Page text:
Date of Acquisition Issues
Under the TCJA, eligible property must be acquired after September 27, 2017, or acquired according to a written binding contract entered into by the taxpayer after September 27, 2017. The final regs provide that the acquisition date of property acquired according to a written binding contract is the later of:
- The date on which the contract was entered into,
- The date on which the contract is enforceable under state law,
- The date on which all cancellation periods end, if the contract has one or more cancellation periods, or
- The date on which all conditions subject to such clauses are satisfied, if the contract has one or more contingency clauses.
The August 2018 proposed regs provided that property manufactured, constructed or produced for the taxpayer for use in its business by another person under a written binding contract that was entered into prior to the manufacture, construction or production is acquired according to a written binding contract. Many commenters disagreed with this position, prompting the IRS to reconsider.
Thus, the final regs provide that such property is self-constructed property. This property type isn’t subject to the written binding contract rule and is eligible for bonus depreciation if the taxpayer began manufacturing, constructing or producing it after September 27, 2017.
The ADS Factor
Property that must be depreciated under the alternative depreciation system (ADS) generally isn’t eligible for bonus depreciation. As the final regs note, some tax code provisions require the use of the ADS to determine aggregate basis for the purposes of the respective provision — but not for purposes of calculating Section 168 depreciation deductions.
The final regs state that such requirements to use the ADS generally don’t render property ineligible for bonus depreciation. They also clarify that using the ADS to determine the adjusted basis of a taxpayer’s tangible assets for purposes of allocating business interest expense between excepted and nonexcepted businesses generally doesn’t make the property ineligible.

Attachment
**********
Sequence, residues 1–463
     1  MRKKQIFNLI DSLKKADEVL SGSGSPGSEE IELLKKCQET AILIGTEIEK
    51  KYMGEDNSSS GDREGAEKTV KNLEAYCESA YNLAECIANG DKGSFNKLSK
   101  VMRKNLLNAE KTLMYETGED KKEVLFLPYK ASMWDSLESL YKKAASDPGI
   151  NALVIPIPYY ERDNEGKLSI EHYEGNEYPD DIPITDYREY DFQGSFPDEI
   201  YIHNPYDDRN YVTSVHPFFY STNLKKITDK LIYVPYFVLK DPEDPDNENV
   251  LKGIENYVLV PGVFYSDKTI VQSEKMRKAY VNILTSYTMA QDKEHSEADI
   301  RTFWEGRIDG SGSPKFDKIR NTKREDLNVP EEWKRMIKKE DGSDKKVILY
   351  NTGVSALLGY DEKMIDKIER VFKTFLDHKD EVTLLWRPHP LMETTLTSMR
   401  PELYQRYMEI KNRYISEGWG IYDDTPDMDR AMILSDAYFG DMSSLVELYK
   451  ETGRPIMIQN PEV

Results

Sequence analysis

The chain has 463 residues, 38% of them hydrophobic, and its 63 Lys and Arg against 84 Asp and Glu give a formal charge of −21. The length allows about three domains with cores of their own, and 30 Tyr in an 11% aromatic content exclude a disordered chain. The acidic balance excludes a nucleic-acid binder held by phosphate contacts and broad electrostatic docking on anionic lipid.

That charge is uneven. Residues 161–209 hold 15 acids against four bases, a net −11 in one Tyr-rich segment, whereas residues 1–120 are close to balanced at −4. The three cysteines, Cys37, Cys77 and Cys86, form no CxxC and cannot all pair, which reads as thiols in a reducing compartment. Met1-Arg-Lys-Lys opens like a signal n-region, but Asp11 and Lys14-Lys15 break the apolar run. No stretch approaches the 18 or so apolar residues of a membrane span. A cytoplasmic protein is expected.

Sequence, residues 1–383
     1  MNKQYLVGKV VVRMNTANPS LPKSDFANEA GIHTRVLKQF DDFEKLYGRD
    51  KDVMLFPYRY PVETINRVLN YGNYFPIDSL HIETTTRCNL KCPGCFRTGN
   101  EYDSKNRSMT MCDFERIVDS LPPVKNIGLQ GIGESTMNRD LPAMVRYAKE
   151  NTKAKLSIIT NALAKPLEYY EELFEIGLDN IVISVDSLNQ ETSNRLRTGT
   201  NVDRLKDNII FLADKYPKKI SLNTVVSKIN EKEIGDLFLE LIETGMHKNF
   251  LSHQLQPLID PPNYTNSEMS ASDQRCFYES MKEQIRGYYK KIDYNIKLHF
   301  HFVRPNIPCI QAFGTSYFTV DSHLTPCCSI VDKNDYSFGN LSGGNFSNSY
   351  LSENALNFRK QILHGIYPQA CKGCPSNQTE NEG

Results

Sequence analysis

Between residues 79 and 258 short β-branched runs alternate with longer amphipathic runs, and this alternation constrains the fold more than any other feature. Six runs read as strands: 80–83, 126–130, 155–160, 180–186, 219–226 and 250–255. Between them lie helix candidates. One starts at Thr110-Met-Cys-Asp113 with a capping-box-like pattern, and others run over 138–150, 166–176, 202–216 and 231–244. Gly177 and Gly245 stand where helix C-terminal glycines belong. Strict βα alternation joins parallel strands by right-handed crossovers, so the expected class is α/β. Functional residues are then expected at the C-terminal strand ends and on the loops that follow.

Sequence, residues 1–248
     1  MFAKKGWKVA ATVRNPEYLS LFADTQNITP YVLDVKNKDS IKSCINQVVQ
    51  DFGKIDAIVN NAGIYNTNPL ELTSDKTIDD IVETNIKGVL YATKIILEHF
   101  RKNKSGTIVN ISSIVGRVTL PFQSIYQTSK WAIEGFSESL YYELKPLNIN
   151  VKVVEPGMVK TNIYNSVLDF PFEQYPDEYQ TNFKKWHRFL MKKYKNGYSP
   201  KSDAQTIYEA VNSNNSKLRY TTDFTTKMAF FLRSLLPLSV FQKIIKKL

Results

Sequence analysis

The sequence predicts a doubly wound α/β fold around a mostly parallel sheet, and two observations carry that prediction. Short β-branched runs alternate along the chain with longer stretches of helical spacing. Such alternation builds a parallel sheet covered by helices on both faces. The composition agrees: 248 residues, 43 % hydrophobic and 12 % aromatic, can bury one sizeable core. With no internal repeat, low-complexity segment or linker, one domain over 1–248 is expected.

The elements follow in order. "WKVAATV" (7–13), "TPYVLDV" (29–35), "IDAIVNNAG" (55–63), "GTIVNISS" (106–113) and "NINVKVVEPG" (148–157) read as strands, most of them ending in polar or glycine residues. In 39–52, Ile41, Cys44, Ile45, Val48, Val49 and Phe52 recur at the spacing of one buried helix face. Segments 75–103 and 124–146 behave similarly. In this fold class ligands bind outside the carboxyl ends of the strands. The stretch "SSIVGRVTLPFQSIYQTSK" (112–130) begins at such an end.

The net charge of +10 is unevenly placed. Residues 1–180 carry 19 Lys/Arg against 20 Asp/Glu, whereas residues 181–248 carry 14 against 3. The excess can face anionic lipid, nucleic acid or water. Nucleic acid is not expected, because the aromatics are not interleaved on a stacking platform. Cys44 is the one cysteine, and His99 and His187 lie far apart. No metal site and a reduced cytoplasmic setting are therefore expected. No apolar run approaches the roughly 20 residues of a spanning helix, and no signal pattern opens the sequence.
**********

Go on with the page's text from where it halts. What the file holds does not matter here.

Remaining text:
The final regs are effective for qualified property placed in service during tax years that include September 24, 2019. You can elect to apply the regs to qualified property acquired and placed in service after September 27, 2017, or during tax years ending on or after September 28, 2017, as long as all of the rules in the final regs are consistently applied. Alternatively, you can rely on the August 2018 proposed regs for qualified property acquired and placed in service after September 27, 2017, during tax years ending on or after September 28, 2017, and ending on September 24, 2019.
The proposed regs contain additional rules regarding the definition of qualified property, consolidated groups, the treatment of components of self-constructed property and the application of the midquarter convention. They also propose exceptions to some of the final regs.
For example, the proposed regs include an exception to the depreciable interest rule for used property when the taxpayer disposes of the property within 90 days of placing it in service. If certain requirements are satisfied, the taxpayer’s depreciable interest in the property during that period isn’t taken into account when determining whether the property was used by the taxpayer or a predecessor at any time before the taxpayer’s reacquisition of it.
Taxpayers generally can rely on the proposed regs for qualified property acquired and placed in service after September 27, 2017, during tax years ending on or after September 28, 2017, and ending before the taxable year that includes September 24, 2019.
Maximize Your Depreciation Deduction
The final and proposed first-year 100% bonus depreciation deduction regs may provide you with some unexpected opportunities to claim bonus depreciation. In some cases, it might be worth amending your 2017 and 2018 tax return filings (or, in the event that you filed an extension, adjust your returns prior to filing).